Chapters 3-4 of Analyzing Politics  

K.A. Shepsle

A Summary 

Getting Started

  • If a group has to decide between a set of feasible actions one way to proceed is by unanimous agreement. However, preferences may be ordered such that a solution is not possible, tastes are too heterogeneous. E.g. A, B and C to decide between x, y and z. A: x>y>z B: y>z>x C: z>y>x. The group does not unanimously share the first preference. Likewise majority rule fails to provide an answer as no two members share the same first preference. A round robin tournament where each outcome plays each outcome and if one is preferred by a majority to all the other it is the group choice is also possible. x vs. y yields y; and x vs. z yields z; and z vs. y yields y. Thus y is the majority preference of the group. But as different majorities prefer y to each other alternative there is incentive not to vote sincerely, that is to be strategic. For example player C could lie in the first round and vote for x. In that way the outcome would be x, z, y, i.e. the tournament would have no winner. So this method only works if people vote sincerely.
  • The preferences may be ordered such that in a round robin tournament there is a cycle of preferences. That is whilst every individual has transitive preferences, when they are aggregated the group preferences are ordered x>y>z>x. This is a preference cycle, and would occur in the above example if player C: z>x>y. To solve this problem an agenda is needed whereby one player decides upon the ordering of the voting in a system where the first pair is voted on, and the winning item then plays the last item, and the winner of that is the group choice. Any of the players can get their most preferred outcome if they believe the others will vote sincerely.

 Condorcet Cycles

  • Even though individuals have consistent preferences the group may not. As the number of alternatives and the number of voters increases the probability of experiencing a majoritarian cycle approaches 1. This probability is radically smaller in small groups/few alternatives situations. In general though it means we cannot rely on majority rule to produce a coherent sense of what the group wants especially if there are no institutional mechanisms for keeping participation low or the number of alternatives small.
  • In reality we do not always observe such cycles. This is because even though probability approaches 1, the cycle is dependent upon each possible ordering of preferences to be equally likely. However, normally what we observe is some interdependence among individuals, whereby people share the same preferences.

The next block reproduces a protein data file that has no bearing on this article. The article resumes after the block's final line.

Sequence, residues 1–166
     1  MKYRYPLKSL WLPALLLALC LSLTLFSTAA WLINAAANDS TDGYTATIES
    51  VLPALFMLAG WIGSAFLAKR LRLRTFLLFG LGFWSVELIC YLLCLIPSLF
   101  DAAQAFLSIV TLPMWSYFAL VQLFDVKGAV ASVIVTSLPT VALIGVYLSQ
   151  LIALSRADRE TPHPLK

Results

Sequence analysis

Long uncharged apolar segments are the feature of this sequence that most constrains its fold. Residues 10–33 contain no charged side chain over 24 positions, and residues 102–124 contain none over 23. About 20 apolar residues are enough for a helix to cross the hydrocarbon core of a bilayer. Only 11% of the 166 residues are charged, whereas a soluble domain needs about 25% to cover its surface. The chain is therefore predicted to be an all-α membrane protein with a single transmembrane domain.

• e.g. if three mayors {A,B,C} have to divide an amount of money, there is no possible distribution of the funds that is not preferred by a majority to every other distribution. If they all start with a distribution {33.3%, 33.3%, 33.3%} a majority of A and B prefer {500, 500, 0}, but then a majority of A and C prefer {600, 0, 400}, and a majority of B and C prefer {0, 500, 500} and so on ad infinitum. The final outcome in the scenario will depend upon institutional features i.e. who has agenda power and how can they use it.
  • Thus the only way to avoid preference cycles is to impose some sort of antimajoritarian restriction.

 Arrow’s Theorem

  • The Condorcet paradox is a problem for any reasonable method of aggregating group preferences.
  • The impossibility result follows: there exists no mechanism for translating individual preferences into coherent group preferences without some kind of dictatorial power. In other words preference aggregation and choice is either incoherent or dictatorial. There is a tradeoff thus between social rationality and the concentration of power. Concentrated power allows for social coherence as the dictator knows his own mind. So systems without such power may seem fairer, but they are also more likely to be inconsistent in ordering alternatives under consideration.
  • This does not mean choices will always be inconsistent, only that it is impossible to rule out such choices. This means it may be possible for clever manipulative people to be strategic in exploiting this fact.
  • The bottom line is that individuals may be rational, but the group need not be. This makes is difficult to speak of legislative intent when thinking about interpreting the law for example.


  • Duncan Black thought that minimal forms of consensus other than unanimity could be sufficient to allow for coherent group choice.
  • In particular if preferences are single peaked then majority rule works perfectly well despite legislators holding wildly divergent views on what the group ought to do.
  • This will be evaluated further in chapter 5.

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